How did you locate this forum? Read your book, and then checked out your website.

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Re: Easy Keeper on Small Pasture. Hay? Grazing muzzles?

Oops, she actually gets 1oz of salt mixed in with her other supplements, not 2oz.

Where are you from? North Carolina

How did you locate this forum? Read your book, then checked out your website.

Email  
Re: Easy Keeper on Small Pasture. Hay? Grazing muzzles?

Hello Rebecca,

Thank you for writing. The reason she is still overweight is because her metabolic rate has gone way, way done. It's the same as if a person tries to lose weight by severely restricting calories -- weight loss will come to a standstill.

Eating stimulates the metabolic rate. As long as she is eating the right feeds that are low in sugar/starch and low in calories, she will lose weight.

Please consider setting up a Consultation so I can visit with you about this.

Please do not starve this poor animal. She will not only stay overweight, but you run the high risk of her developing laminitis.

All the best,

Dr. Getty
Author of Feed Your Horse Like A Horse

Quote: Rebecca
Hi Dr. Getty,

I hope you are doing well. Thank you for your book and forum! They have been most helpful and informative.

I am writing to ask if my horse should have hay available and if she should wear a grazing muzzle. Everyone seems to have a different opinion about how to feed horses, and it's hard to know what's best, but I would like to know how you would manage my horse's situation.

My Quarter Horse, Willa, lives on a 0.4 acre by herself. The grass (mainly Bermuda and Bahia) is very short but not patchy. She used to get timothy hay plus a little bit of alfalfa hay fed in a small-holed hay net free-choice. However, she was very overweight, and my trainer and vet both recommended a grazing muzzle. I know you do not favor using one, but I wasn't sure what else to do because there's not a good way for us to keep her off the grass without her being confined to a very small area. So now she wears the grazing muzzle during the day, and when it comes off in the evening, she is able to eat from the hay net, which I keep enough hay in to last to the morning when the grazing muzzle goes back on. Also, I am giving her Glanzen Lite Complete, 4oz of Quiessence, 2oz of salt, and she has a salt block available too. She gets lightly exercised about 3-5 times a week.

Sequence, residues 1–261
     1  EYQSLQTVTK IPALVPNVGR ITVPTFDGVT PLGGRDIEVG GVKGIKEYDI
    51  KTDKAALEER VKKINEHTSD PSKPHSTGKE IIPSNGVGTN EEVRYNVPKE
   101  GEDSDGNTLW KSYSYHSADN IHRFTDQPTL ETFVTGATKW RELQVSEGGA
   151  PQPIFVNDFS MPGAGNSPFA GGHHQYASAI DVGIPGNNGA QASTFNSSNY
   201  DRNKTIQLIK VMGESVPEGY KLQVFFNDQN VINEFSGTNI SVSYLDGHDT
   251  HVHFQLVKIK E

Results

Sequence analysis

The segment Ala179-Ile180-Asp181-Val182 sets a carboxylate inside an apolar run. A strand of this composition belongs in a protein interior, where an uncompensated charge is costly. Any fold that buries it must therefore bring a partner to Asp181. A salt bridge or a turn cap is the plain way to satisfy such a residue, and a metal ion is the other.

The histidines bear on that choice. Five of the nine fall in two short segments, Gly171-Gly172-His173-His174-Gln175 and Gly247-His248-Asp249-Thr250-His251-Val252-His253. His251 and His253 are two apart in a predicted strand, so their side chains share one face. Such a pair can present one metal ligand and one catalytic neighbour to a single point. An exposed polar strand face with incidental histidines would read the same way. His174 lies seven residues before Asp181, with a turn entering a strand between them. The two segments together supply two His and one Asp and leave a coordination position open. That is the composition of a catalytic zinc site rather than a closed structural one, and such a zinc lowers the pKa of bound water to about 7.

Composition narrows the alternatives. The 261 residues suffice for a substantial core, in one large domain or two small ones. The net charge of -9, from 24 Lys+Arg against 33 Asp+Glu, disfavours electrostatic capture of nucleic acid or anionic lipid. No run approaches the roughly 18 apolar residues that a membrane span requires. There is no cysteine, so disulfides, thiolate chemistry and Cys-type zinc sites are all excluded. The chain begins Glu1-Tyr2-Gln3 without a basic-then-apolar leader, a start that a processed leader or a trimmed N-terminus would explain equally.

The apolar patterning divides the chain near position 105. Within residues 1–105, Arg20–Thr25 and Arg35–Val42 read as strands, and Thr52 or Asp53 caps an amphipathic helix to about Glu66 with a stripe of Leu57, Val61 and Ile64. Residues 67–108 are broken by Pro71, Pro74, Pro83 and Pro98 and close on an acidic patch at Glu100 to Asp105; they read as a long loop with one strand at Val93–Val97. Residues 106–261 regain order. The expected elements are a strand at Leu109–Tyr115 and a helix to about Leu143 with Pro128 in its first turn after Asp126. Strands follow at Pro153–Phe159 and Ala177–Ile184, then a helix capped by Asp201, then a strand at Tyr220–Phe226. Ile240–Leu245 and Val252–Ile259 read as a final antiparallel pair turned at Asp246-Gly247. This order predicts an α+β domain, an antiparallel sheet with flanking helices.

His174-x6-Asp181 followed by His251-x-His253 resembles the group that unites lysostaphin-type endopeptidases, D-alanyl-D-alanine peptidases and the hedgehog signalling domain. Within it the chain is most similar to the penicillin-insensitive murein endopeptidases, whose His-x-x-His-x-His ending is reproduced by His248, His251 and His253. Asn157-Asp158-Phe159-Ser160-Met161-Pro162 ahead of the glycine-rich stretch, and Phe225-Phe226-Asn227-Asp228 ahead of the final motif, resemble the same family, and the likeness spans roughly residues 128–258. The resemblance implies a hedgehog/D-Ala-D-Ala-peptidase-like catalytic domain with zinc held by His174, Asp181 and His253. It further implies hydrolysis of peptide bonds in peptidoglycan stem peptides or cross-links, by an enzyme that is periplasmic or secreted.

After using the grazing muzzle and supplements for about two months, she lost a little bit of weight, but the past month or so her weight is at a standstill. (In my trainer words, "She is no longer obese, just overweight.")

My trainer recently suggested cutting out the hay completely and then possibly not having to use a grazing muzzle. With the pasture being so short and possibly stressed, do you think this is a good idea? Or does she need the variety of having hay available? By the way, I know the sugar levels in the hay should be tested, but at this time, our hay varies in where it comes from and we can't buy a lot at a time. However, we will probably be getting it from a different supplier soon, where we can buy it in larger quantities.

Any advice and suggestions will be appreciated. Thank you very much for your time and help!

Rebecca

Where are you from? Waverly, Ohio

Email